The staging of colon cancer remains, to this day, one of the impenetrable mysteries of our cancer journey. It seemed clear enough in the beginning, right after what we thought of as “John’s colon explosion”. I still have the piece of paper that his colon surgeon handed me when he delivered his diagnosis the next morning in the hospital. He had written these words:
Adenocarcinoma of colon. Moderately differentiated. T4 (perforated)– margins clear. NO (16 nodes negative). MO (no mets noted at surgery or on CRR). Stage III. CEA 0.8.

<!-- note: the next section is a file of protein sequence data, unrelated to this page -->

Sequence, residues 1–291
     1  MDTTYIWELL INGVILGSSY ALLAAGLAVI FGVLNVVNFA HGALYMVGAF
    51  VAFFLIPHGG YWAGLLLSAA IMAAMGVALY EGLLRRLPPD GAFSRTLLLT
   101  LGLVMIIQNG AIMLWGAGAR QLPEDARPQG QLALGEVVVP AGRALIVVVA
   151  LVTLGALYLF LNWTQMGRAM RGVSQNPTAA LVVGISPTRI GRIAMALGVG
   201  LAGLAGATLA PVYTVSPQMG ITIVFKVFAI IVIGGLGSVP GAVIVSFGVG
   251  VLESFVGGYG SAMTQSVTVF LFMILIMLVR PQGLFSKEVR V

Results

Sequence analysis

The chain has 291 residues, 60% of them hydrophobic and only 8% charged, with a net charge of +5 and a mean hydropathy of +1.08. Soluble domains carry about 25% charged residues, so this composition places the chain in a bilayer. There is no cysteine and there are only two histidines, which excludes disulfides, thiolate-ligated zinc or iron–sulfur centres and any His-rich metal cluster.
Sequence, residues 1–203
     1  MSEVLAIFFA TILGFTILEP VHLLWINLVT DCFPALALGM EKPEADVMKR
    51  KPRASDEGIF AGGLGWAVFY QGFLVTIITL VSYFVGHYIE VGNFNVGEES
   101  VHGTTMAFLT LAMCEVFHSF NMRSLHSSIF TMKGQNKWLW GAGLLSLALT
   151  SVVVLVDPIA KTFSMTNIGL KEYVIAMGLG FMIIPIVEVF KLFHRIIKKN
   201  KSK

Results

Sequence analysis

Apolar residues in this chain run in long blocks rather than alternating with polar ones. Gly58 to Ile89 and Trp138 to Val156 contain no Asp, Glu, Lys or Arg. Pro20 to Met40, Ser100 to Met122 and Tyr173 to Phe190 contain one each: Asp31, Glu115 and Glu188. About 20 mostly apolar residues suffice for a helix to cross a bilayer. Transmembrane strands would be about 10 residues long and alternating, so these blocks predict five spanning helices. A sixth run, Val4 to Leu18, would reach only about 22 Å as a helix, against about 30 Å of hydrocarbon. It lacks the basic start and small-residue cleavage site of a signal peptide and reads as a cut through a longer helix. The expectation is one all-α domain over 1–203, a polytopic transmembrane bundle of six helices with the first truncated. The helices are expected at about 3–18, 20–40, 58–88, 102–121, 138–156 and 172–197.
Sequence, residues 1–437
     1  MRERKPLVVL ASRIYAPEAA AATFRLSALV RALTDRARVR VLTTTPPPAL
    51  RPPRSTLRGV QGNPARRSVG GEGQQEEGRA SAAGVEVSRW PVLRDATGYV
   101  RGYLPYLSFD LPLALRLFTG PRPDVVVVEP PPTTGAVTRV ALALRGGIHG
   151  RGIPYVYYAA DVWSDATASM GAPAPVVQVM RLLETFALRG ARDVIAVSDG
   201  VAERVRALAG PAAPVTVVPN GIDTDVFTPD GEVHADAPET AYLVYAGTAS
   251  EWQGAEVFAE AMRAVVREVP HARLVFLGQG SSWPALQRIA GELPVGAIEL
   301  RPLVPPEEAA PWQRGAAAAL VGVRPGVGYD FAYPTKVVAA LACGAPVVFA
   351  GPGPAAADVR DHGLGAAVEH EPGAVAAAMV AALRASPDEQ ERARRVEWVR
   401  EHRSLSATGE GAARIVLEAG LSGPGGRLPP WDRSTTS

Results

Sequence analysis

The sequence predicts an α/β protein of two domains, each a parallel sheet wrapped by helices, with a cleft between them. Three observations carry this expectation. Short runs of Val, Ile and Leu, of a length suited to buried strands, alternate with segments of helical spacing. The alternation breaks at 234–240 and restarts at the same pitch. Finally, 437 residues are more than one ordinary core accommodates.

That morning in the hospital, the surgeon told us,
“Best possible outcome given the circumstances. The tumor had only partially invaded the wall of the colon. The tumor itself did not rupture; the rupture was adjacent to the tumor. I’ve staged it as a T4 tumor but even this is controversial because T4 means the tumor has completely invaded the colon wall. In this case, it is classified as a T4 because of the perforation, but otherwise it would be a T2. I may present this very unusual case to the tumor board.”
This all seemed fairly clear-cut, the way he presented it that morning. But then, my mind went back ….
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